Professor and Vice Chair for Research, Dept. of Family and Community Medicine. WFU School of Medicine
Ph.D.,University of Kentucky
Medical anthropologist and public health scientist with a research program focused on improving the health of rural and minority populations. Since 1996, he has collaborated in a program of community-based participatory research with immigrant farmworkers and poultry processing workers and their families focused on occupational and environmental health and justice. He has authored over 180 refereed articles and he has participated in the development of diverse educational materials intended to return research results to communities. He has also used research results to affect policy change.
Physical anthropologist and primatologist who teaches one Anthropology course each semester, investigates how psychosocial stress influences disease. His latest research concerns the neurobiology of aggression, especially the unanticipated association among low cholesterol, reduced brain serotonin, and increased violence. Dr. Kaplan is President-elect of the Academy of Behavioral Medicine Research, and Associate Editor or the American Journal of Primatology, and helps direct a primate research and training program at Bogor University, Indonesia. His primary appointment is as Professor of Comparative Medicine and Associate Director of the Comparative Medicine Clinical Research Center at the Wake Forest University School of Medicine.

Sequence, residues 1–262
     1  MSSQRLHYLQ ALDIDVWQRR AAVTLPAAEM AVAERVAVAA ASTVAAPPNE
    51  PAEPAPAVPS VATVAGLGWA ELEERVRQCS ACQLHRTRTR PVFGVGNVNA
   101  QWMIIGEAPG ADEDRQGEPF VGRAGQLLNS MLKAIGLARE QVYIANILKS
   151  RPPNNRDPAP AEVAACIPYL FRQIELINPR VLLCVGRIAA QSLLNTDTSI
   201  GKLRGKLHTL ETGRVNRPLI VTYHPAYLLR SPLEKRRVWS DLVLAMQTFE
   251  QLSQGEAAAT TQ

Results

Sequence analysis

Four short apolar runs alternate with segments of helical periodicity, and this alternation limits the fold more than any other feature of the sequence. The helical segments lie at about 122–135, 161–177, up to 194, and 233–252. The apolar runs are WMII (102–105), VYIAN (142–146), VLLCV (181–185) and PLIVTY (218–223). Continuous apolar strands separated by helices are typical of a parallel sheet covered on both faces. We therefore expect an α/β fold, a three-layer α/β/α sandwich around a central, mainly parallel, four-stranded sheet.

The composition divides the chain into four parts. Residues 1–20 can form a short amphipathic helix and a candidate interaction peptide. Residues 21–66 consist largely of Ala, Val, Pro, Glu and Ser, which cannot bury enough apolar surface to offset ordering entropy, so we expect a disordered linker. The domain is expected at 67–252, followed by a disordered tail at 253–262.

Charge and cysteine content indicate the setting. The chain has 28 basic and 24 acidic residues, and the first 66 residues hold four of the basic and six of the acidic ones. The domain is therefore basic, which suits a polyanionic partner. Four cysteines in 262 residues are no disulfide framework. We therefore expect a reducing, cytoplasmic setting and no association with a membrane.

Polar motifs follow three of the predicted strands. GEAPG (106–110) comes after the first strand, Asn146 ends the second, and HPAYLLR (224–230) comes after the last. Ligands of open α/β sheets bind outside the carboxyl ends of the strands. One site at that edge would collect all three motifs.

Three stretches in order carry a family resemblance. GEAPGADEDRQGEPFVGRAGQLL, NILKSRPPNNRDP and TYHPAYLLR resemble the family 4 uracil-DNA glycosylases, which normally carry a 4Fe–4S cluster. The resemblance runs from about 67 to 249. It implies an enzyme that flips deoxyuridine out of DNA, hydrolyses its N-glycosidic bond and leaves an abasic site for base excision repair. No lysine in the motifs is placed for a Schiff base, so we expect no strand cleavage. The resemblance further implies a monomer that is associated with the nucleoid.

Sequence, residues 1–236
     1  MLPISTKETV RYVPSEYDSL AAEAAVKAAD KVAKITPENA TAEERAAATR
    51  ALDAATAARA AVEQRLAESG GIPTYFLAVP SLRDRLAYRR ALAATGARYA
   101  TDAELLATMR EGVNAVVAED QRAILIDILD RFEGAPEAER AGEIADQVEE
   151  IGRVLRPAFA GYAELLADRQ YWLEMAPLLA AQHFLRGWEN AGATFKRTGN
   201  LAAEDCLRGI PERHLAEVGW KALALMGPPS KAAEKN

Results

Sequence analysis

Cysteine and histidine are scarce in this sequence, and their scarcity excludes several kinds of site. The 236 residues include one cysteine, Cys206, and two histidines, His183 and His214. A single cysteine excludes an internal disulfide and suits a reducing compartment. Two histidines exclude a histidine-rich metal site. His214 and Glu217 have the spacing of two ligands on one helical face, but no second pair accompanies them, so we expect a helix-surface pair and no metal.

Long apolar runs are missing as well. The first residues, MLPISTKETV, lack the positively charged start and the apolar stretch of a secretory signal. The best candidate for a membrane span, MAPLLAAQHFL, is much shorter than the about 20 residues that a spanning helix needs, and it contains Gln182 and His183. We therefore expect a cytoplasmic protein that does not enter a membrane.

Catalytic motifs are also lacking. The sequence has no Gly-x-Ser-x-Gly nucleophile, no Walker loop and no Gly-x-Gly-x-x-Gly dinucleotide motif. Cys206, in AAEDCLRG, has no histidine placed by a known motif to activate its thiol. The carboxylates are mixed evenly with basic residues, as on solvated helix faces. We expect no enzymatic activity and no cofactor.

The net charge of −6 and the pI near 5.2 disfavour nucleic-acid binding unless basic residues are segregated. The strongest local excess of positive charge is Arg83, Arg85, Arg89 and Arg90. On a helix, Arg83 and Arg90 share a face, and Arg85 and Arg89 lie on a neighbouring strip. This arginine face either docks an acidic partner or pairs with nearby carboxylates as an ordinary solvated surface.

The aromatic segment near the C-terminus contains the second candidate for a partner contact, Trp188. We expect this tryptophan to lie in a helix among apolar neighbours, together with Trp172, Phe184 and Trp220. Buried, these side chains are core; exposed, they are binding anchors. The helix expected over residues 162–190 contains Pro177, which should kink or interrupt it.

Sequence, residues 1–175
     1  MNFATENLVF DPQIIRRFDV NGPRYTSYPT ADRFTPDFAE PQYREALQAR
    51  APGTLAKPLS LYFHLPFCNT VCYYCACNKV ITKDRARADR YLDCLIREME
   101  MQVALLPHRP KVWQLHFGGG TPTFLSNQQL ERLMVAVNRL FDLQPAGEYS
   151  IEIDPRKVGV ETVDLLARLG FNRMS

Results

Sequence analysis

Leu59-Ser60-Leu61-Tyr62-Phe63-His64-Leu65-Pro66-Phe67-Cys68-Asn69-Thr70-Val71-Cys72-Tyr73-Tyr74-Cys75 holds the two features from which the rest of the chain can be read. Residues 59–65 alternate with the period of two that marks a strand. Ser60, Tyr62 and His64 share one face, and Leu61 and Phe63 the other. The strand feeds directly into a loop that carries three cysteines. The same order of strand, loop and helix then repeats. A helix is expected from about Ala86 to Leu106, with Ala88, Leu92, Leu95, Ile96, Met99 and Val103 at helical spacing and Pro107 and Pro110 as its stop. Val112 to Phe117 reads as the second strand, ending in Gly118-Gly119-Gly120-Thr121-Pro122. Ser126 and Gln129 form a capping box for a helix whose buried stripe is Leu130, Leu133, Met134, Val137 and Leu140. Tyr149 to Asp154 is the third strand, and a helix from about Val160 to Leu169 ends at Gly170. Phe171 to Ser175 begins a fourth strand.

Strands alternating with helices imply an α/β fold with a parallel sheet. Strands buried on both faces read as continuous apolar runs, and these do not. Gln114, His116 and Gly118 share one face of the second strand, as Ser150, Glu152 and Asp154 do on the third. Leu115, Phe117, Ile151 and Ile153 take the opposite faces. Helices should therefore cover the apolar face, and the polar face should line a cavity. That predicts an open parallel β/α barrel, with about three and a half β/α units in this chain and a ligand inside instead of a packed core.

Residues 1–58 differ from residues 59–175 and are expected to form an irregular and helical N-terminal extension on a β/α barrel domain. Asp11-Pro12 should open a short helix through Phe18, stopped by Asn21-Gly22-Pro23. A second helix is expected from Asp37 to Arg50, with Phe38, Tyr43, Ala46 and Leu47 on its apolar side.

Sara A. Quandt
Professor, Public Health Sciences-Epidemiology
Ph.D., Michigan State University
Medical and nutritional anthropologist and faculty member of the School of Medicine. Her research focuses on rural and minority populations. She has led multidisciplinary research teams studying health self-management in diabetes and nutrition among older rural adults, as well as the impact of oral health deficits on social interaction and nutritional status. She also has conducted research on the health disparities experienced by immigrant Latino workers in agriculture and poultry processing in rural North Carolina. These include pesticide exposure, green tobacco sickness, food insecurity, and musculoskeletal injuries.